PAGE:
IC 2944, mag. +4.5, is a naked eye open cluster and associated emission nebula located in Centaurus. It was born 7.9 million years ago. The cluster and nebula are positioned at the southeast edge of mag. +3.1 star, lambda Centauri (λ Cen). Indeed, it's sometimes referred to as the Lambda Centauri Nebula, although the star has nothing at all to do with it. Lambda Centauri is an interloper, a foreground star that just happens to appear in the same line of view. For comparison, it's 420 light-years distant while IC 2944 lies 6,500 light-years away.

The emission nebula surrounds the cluster. It's a cloud of dust and gas some 70 to 77 light-years in diameter, located between 5,800 and 6,500 light-years away. The nebula itself is almost featureless but contains a small group of dense, opaque dark clouds known as Bok globules. They are associated with star formation, although to date no evidence has been found of star formation in any of these Bok globules. The nebula is also called the Running Chicken Nebula. This strange nickname comes from the bird-like shape of its brightest region.

IC 2944 is best seen from the Southern Hemisphere during the months of March, April and May. From many southern locations it's circumpolar and therefore never sets. It can't be seen from northern temperate locations.

IC 2944 (credit:- ESO)

Finder Chart for IC 2944 (credit:- freestarcharts)

Finder Chart for IC 2944 - pdf format (credit:- freestarcharts)

IC 2944 is located in the southwestern corner of Centaurus, 7 degrees west and slightly south of Acrux (α Cru - mag. +0.8). As previously mentioned, it's easy to find since it's right next to lambda Cen (λ mag. +3.1). The surrounding region of sky is very rich. It contains many clusters and nebulae and is a superb area to scan with binoculars and wide field telescopes.

Through binoculars and small scopes, IC 2944 reveals many streams of stars. It's a loose cluster of about 30 members spread over 15 arc minutes of apparent sky. The nebula itself is much larger, covering 40 x 20 arc minutes, and more difficult to spot. With dark skies and patience it can be seen against the star rich background. Averted vision and a UHC or Olll filter offer assistance.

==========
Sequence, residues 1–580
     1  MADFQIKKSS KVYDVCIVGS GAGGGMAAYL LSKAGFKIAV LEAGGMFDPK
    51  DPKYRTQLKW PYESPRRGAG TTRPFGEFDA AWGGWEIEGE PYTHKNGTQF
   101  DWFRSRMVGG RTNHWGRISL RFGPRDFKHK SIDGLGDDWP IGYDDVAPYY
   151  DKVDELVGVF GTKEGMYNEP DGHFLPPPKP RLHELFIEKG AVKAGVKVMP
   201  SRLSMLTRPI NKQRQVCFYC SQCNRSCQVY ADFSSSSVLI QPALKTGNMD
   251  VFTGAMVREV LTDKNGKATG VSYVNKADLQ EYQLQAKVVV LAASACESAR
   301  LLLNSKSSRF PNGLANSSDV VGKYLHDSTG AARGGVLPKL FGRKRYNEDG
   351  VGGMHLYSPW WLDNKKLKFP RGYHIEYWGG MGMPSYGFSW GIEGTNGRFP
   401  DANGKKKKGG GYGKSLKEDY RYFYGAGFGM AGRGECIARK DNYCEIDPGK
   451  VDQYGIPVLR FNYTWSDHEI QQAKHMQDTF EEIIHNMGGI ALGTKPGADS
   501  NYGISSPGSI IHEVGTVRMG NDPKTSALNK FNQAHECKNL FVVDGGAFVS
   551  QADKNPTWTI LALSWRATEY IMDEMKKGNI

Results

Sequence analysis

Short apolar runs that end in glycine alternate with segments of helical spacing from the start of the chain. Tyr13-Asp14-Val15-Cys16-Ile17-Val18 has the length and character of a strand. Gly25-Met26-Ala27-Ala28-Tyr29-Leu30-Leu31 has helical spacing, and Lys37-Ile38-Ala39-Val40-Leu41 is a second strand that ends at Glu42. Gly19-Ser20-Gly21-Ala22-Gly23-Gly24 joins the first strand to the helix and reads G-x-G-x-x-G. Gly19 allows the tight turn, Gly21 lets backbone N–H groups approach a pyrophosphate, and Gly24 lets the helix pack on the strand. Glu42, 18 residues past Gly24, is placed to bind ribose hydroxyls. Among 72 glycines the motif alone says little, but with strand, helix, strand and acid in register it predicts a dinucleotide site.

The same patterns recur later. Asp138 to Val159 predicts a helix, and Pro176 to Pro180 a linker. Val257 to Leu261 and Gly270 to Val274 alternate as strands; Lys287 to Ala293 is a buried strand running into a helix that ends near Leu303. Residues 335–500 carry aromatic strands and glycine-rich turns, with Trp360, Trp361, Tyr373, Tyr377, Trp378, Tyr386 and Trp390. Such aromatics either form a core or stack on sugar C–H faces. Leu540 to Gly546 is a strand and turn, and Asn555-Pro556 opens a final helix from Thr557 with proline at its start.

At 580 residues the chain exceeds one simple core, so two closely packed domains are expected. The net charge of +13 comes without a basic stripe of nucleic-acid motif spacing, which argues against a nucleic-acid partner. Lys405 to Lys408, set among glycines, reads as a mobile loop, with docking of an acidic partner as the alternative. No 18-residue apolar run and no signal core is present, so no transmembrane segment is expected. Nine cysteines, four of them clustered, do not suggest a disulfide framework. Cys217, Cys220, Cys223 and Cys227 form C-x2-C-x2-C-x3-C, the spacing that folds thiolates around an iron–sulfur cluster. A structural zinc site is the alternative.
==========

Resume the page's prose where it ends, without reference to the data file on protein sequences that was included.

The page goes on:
IC 2944 Data Table

IC2944
Caldwell100
Nameλ Centauri Nebula
Object TypeOpen Cluster / Emission Nebula
ConstellationCentaurus
Distance (light-years)6,500 (cluster)
Apparent Mag.+4.5
RA (J2000)11h 36m 36s
DEC (J2000)-63d 02m 00s
Apparent Size (arc mins)15 (cluster)
Radius (light-years)14 (cluster)
Number of Stars30 (cluster)
Other NamesRunning Chicken Nebula

Sky Highlights - September 2017

Opposition
Neptune reaches opposition on September 5th

The Planets
This Month's Guide

Algol Minima
Algol eclipse dates and times for September

Northern Hemisphere
Evening
West:- Jupiter (mag. -1.7)
Southwest:- Saturn (mag. +0.5)
East:- Neptune (mag. +7.8)
Midnight
South:- Neptune
East:- Uranus (mag. +5.7)
Morning
West:- Neptune
South:- Uranus
East:- Venus (mag. -3.9), Mars (mag. +1.8) (from second week), Mercury (mag. +0.5 to -1.3) (from second week)

Southern Hemisphere
Evening
West:- Jupiter
Northwest:- Saturn
East:- Neptune
Midnight
West:- Saturn
North:- Neptune
Northeast:- Uranus
Morning
West:- Neptune
Northwest:- Uranus
Northeast:- Venus
East:- Mars (end of month)

Deep Sky

Small telescopes:-
Messier 13 - M13 - Great Hercules Globular Cluster
Messier 92 - M92 - Globular Cluster
Messier 11 - M11 - The Wild Duck Cluster (Open Cluster)
Messier 7 - M7 - The Ptolemy Cluster (Open Cluster)
Messier 6 - M6 - The Butterfly Cluster (Open Cluster)
Messier 4 - M4 - Globular Cluster
Messier 8 - M8 - Lagoon Nebula (Emission Nebula)
Messier 16 - M16 - Eagle Nebula (Emission Nebula with Open Cluster)
Messier 20 - M20 - Trifid Nebula (Emission and Reflection Nebula)

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